Back in the early 70's when I bought our first house here in France, one of my major Summer cash-crops was Gherkins (Cornichons).
Gherkins are the small fruit of the 'Ridge Cucumber', a short plump Cucumber with a spotty surface; they were picked when about 7 cms long.
The 'Ridge Cucumber' is a highly prolific producer of fruit, and as long as one continued to pick regularly, its production would continue for quite a while. It was also a very easy plant to grow. The Gherkins didn't need to travel far; there were several processors in the immediate area.
The merchant would come to the house every other day, weigh our crop, and pay in cash. It was a very efficient way of making 'pocket money'.
Then it all ended. No doubt new regulations came from Brussels that halted the production. My photo above shows the Kühne Cornichons that I now regularly buy; they hail from Germany (well, they would wouldn't they).
In the grand scheme of things, Gherkins may be of little importance, but it's just one of many things that have disappeared from the farm gate. Farms no longer have Cows, Pigs, Ducks, Geese, Chickens, vineyards, or even any 'edible crops' (I did see some fields of Tomatoes this year). There are only two major crops regularly grown; Sunflowers for oil, and Maize. As there are very few cattle around, even haymaking has become pointless.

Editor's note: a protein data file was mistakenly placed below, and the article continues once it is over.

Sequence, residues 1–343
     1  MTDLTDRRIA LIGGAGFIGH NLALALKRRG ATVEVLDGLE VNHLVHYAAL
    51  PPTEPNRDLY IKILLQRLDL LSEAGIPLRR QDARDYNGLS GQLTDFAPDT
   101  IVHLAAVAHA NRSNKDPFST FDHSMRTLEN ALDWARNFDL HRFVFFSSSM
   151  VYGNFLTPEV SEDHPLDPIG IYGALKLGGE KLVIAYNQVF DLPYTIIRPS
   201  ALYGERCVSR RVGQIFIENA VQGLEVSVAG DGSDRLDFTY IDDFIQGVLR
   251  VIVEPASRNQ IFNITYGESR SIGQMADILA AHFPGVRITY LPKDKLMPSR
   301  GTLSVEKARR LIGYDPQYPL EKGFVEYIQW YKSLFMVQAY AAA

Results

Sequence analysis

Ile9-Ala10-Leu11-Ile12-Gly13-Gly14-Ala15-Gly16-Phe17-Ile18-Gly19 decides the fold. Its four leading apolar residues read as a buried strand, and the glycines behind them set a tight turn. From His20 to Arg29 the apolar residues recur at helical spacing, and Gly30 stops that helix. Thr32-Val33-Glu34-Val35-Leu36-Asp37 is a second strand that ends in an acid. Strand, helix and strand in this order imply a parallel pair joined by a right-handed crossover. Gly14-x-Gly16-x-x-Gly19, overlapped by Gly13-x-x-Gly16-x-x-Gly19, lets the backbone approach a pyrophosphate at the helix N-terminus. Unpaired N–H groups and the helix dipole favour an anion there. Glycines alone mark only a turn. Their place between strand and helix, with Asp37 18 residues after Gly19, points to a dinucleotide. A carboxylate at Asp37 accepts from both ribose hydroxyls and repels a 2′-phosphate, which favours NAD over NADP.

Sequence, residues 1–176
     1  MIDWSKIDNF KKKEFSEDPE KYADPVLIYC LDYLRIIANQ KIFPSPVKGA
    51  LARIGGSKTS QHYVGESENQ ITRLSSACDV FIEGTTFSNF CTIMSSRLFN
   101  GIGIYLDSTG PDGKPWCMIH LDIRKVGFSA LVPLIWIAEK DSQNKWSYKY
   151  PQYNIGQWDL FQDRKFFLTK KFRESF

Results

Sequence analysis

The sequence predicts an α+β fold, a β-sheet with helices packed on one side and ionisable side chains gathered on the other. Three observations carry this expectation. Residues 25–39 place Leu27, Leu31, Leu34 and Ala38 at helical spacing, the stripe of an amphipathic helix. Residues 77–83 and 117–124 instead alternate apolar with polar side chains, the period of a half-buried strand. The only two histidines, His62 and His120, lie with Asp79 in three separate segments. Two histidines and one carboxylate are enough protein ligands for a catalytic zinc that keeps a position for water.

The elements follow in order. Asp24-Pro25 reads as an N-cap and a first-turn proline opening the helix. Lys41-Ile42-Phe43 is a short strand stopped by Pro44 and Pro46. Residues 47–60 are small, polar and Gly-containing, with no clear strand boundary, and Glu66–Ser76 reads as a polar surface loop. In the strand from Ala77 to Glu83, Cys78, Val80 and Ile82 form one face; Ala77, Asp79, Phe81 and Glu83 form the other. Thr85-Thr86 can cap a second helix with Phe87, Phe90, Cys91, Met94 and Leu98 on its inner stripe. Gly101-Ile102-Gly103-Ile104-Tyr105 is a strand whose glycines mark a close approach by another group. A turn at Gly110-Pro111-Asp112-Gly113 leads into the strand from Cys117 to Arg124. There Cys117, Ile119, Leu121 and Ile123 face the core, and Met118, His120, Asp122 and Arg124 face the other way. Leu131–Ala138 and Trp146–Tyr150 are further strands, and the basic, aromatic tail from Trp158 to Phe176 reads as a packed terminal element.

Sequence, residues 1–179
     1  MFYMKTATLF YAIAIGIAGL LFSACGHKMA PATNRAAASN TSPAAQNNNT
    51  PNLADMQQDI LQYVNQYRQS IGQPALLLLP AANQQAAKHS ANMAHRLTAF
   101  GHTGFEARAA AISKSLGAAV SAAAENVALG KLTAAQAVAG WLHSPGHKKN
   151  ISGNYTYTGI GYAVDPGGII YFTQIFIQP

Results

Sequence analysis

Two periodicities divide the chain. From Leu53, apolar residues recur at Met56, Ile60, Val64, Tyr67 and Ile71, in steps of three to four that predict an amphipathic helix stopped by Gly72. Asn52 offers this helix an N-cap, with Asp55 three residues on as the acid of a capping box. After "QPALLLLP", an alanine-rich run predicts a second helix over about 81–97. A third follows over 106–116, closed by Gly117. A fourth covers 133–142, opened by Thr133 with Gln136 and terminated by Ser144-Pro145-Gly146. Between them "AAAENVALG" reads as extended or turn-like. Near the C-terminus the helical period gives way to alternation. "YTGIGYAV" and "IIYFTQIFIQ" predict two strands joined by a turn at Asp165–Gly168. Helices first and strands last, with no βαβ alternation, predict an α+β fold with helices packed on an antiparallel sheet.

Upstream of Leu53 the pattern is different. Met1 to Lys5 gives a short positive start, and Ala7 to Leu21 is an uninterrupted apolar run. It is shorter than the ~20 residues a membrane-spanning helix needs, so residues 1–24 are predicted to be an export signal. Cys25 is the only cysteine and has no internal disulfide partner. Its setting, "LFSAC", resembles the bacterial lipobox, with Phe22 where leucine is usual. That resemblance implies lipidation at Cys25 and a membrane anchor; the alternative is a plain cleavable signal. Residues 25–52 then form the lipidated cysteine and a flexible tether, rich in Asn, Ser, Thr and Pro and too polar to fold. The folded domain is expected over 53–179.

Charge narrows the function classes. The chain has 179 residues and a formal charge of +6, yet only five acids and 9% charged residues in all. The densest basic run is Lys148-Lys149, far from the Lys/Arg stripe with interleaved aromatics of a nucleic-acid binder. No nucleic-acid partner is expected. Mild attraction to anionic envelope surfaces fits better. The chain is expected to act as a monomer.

Fields upon fields are now left unworked. Most are mowed for the sake of tidiness, and their owners continue to receive their 'Single Farm Payment', regardless of anything being grown.
Brussels has a lot to answer for. Gherkins may not be the perfect gauge of a country's agricultural health; but they certainly represented another nail in that coffin that has become European farming.